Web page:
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Wow, it’s been a while since we last spoke. I’m about to start my junior year—can you believe that? It still seems like yesterday that you and I met through South Boston Afterschool.
On the T-ride to South Boston, we talked in Chinese (I had just started; you helped me with my tones). We talked about girls (we talked a lot about girls). And sometimes we talked about more serious things. About how we were so afraid to fail, about how we constantly felt pulled in all directions. About how hopeless we felt.
When you quit South Boston Afterschool, I just figured it was a sophomore slump. Maybe your economics tutorial was taking up too much of your time, or maybe you were working on a new start-up, trying to be the next Mark Zuckerberg. You were stressed out the last time I saw you. I wasn’t too worried, though. I thought what everyone else here thinks: Junior year will be better than sophomore year. Senior year might be a bit tougher because of job searching, but you’ll be set after that. You’ll be a Harvard grad the rest of your life.
But then you jumped off a tower in downtown Boston. I thought wrong.
Andy, I spent a long time trying to figure out how to write this letter. It’s been on my mind every single day now for months. I almost gave up, because the words just wouldn’t come to me. It was too painful to express.
Then, in May, my best friend since we were babies ended his own life. He had just gotten into Georgia Tech. He had so much talent. He had such an incredible life ahead of him. His mom found his body. They couldn’t show it at the service.
His death inspired me to write this to you. Because it’s not just him, and it’s not just you.
Writing this next part terrifies me, Andy. I’m scared because we live in a world where I can’t even write this letter without knowing in my heart that no matter what people will say, they will look at me differently. I want to make a big impact after I graduate, but I know that publicly discussing my complicated history with mental health—a conversation that should not be any more damning than talking about asthma or a heart condition—might prevent me from doing this. But that is exactly why I have to write this letter. It is time for us to reconcile with the reality of the world that we live in. It is time for me to say now what I should have told you before: You are not alone.
I should have told you about fifth grade, when I would stay up every single night thinking terrible thoughts. I had to make sure once, twice, three, four, five times that our doors and windows were locked, because I had to be sure. I had to know that no one would come in and slit my parents’ throats, and then beat my head in with a baseball bat.
I should have told you about sixth grade, when I touched flowers, and leaves, and people’s hair. My classmates did not understand, so they signed a petition asking me to stop. They gave it to the teacher, who presented it to me. Even today I remember the hurt and shame I felt when I saw the names of so many friends written on that piece of paper. They didn’t know that I could not help it; they did not know that it was outside of my control.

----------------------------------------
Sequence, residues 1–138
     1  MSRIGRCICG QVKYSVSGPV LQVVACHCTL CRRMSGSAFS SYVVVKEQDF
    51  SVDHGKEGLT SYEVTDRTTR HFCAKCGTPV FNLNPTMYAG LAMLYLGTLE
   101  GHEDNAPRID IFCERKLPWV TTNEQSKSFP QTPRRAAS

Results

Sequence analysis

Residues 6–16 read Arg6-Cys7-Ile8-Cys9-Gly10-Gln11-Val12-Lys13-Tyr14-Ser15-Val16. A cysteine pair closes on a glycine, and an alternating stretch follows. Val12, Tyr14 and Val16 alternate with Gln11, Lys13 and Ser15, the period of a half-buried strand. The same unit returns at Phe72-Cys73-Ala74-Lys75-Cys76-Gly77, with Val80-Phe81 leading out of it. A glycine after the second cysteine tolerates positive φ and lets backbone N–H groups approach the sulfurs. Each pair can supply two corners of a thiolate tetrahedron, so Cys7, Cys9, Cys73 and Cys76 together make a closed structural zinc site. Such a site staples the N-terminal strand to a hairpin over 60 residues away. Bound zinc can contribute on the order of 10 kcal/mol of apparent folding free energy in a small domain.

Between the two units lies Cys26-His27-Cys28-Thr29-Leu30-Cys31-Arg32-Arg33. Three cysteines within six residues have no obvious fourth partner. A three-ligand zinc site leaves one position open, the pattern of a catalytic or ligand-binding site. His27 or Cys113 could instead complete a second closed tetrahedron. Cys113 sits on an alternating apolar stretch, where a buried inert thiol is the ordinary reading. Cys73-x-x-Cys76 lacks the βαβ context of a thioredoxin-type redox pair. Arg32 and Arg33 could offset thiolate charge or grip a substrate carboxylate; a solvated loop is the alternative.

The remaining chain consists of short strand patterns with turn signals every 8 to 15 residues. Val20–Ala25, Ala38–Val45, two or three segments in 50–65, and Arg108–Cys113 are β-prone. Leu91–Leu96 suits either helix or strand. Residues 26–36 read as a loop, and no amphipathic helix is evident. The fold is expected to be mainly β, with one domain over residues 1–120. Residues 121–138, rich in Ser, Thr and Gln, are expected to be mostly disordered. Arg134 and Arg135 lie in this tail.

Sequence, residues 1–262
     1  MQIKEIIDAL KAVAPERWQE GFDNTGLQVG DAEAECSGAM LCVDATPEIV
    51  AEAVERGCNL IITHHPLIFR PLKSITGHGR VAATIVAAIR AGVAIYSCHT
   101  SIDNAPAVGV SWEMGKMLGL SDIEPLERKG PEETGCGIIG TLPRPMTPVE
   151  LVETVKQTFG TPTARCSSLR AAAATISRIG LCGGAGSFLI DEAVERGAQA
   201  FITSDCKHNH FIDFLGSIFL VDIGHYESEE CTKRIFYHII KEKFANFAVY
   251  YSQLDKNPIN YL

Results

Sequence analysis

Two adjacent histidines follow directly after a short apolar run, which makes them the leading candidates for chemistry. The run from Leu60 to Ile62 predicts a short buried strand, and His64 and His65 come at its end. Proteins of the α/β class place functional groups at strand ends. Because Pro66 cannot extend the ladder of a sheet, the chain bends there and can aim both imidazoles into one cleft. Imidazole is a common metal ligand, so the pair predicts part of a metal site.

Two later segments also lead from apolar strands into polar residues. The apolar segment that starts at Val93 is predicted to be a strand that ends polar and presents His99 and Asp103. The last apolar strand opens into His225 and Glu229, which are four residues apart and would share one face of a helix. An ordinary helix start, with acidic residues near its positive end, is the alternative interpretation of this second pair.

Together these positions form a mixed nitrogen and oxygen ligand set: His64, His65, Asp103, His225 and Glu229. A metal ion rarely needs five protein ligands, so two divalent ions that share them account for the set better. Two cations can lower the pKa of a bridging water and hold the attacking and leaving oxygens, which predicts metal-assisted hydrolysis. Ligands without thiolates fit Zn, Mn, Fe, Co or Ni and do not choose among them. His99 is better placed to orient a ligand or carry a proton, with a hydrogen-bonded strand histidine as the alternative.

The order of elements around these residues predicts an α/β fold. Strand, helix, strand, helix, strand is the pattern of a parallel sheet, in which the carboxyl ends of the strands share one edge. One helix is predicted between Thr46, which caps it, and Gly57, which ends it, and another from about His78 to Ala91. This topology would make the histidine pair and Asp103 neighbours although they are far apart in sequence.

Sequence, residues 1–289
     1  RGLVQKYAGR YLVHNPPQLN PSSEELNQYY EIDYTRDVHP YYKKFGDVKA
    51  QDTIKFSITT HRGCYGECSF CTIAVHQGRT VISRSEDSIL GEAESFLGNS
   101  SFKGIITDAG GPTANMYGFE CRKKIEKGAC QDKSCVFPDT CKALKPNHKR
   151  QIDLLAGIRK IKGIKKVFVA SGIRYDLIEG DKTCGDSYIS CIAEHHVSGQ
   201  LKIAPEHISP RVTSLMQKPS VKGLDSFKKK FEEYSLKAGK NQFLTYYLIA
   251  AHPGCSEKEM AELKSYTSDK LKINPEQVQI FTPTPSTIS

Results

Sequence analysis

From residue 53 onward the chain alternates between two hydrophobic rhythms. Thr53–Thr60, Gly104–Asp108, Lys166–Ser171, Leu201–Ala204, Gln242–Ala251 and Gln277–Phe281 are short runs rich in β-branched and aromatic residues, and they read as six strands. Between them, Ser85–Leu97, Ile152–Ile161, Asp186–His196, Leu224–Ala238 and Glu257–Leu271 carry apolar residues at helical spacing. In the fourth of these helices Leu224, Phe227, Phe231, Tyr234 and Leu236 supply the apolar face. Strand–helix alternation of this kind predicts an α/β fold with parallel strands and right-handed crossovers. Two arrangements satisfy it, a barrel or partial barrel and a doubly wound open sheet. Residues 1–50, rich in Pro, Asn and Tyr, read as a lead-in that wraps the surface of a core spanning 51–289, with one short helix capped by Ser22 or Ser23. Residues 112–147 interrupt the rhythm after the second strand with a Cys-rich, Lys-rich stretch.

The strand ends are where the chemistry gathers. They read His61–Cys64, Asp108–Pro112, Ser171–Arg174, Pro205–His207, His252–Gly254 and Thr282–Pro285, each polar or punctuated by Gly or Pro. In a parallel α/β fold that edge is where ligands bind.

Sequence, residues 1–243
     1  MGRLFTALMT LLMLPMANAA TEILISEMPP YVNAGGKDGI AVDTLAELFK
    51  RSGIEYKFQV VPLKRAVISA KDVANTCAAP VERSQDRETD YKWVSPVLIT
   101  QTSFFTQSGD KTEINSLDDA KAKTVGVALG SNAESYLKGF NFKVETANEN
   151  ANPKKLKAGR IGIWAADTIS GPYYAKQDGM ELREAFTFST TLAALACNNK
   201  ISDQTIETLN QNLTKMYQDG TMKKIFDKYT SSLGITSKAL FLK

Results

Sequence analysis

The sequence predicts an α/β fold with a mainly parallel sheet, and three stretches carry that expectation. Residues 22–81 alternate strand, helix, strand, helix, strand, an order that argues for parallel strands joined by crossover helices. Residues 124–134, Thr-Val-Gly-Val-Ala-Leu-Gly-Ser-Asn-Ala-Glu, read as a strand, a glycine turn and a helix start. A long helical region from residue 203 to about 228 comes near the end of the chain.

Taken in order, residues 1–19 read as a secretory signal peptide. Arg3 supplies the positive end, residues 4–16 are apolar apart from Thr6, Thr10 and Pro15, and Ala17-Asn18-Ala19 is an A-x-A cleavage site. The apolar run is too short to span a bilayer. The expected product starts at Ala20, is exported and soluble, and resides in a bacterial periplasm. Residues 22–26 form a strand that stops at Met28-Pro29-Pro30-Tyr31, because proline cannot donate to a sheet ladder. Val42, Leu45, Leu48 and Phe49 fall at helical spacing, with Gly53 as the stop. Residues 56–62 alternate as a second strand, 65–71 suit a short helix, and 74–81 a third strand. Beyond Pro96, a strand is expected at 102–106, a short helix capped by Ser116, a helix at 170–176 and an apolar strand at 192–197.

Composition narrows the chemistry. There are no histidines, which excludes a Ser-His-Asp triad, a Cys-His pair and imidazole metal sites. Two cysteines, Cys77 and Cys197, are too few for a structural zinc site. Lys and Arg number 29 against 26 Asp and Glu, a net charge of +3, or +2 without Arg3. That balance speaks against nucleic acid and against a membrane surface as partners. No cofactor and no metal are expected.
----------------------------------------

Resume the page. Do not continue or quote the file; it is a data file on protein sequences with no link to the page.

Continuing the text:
I should have told you about seventh grade, when germs consumed me. Bacteria crawled all over my body and inside my mouth. I would go to the bathroom repeatedly in the middle of class to frantically rinse my mouth and scrub my hands. When my best friend sneezed on me to see my reaction, and another spat in my juice and forced me to drink it, and another threw meat at me because she knew I was a vegetarian. I wondered if I had any friends at all. Maybe they were just pretending to like me because I was so funny to watch. I felt worthless; I felt hopeless; I felt powerless. I felt like I didn’t deserve to live.
But more important than any of that, Andy, I should have told you about how finally enough was enough. My mom got me help. She got me help, even when my teacher asked, “Why does he need therapy? He makes all A’s—he’ll be fine.” My mom replied, “I will be sure to write on his tombstone that he had all A’s after he kills himself because he hates his brain.” She knew what too few understand, that objective achievement means very little when life is nothing but shame and darkness.
Because of her intervention, I acquired tools to deal with my compulsions, to say “It Don’t Matter” until it really did not matter. Overcoming my compulsions was the hardest thing I’ve ever done, but it was worth it. I’m here today Andy, writing this letter to you, because my mom got me help.
Andy, I am sorry that I never told you about my middle school self. And I am sorry that I never told you how therapy empowered me to reclaim the beauty in life.
But I hope this letter to you will help change things for others. I hope it will convince someone who is like me all those years ago to find the support that they need. I hope it will encourage someone like me now—too busy with their midterms, their finals, and their papers—to check in on a friend. I hope it will encourage us as a community to fight against the stigma surrounding mental health issues both in our college and in our nation. And most of all, I am sorry that we live in a society where we could not talk openly to each other.
I miss you more than you can know, Andy. By relating this story—of what I did wrong with you, and what my mom did right with me—I want us to make a difference in the world. Then I will know that I am doing your memory proud.
William F. Morris IV ’17, a joint concentrator in history and East Asian Studies, lives in Pforzheimer House.
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